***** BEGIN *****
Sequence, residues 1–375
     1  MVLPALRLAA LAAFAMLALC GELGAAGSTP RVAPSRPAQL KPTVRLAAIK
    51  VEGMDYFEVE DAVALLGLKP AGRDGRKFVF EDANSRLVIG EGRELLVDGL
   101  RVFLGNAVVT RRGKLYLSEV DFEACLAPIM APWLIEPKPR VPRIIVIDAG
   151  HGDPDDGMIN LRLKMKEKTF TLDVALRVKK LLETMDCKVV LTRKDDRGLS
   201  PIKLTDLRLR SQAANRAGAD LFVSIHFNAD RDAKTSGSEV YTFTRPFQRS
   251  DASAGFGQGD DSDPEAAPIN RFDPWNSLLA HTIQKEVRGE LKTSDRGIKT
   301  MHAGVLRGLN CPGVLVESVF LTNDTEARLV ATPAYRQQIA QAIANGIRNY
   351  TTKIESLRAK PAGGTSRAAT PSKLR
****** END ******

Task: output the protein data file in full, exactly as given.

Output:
Sequence, residues 1–375
     1  MVLPALRLAA LAAFAMLALC GELGAAGSTP RVAPSRPAQL KPTVRLAAIK
    51  VEGMDYFEVE DAVALLGLKP AGRDGRKFVF EDANSRLVIG EGRELLVDGL
   101  RVFLGNAVVT RRGKLYLSEV DFEACLAPIM APWLIEPKPR VPRIIVIDAG
   151  HGDPDDGMIN LRLKMKEKTF TLDVALRVKK LLETMDCKVV LTRKDDRGLS
   201  PIKLTDLRLR SQAANRAGAD LFVSIHFNAD RDAKTSGSEV YTFTRPFQRS
   251  DASAGFGQGD DSDPEAAPIN RFDPWNSLLA HTIQKEVRGE LKTSDRGIKT
   301  MHAGVLRGLN CPGVLVESVF LTNDTEARLV ATPAYRQQIA QAIANGIRNY
   351  TTKIESLRAK PAGGTSRAAT PSKLR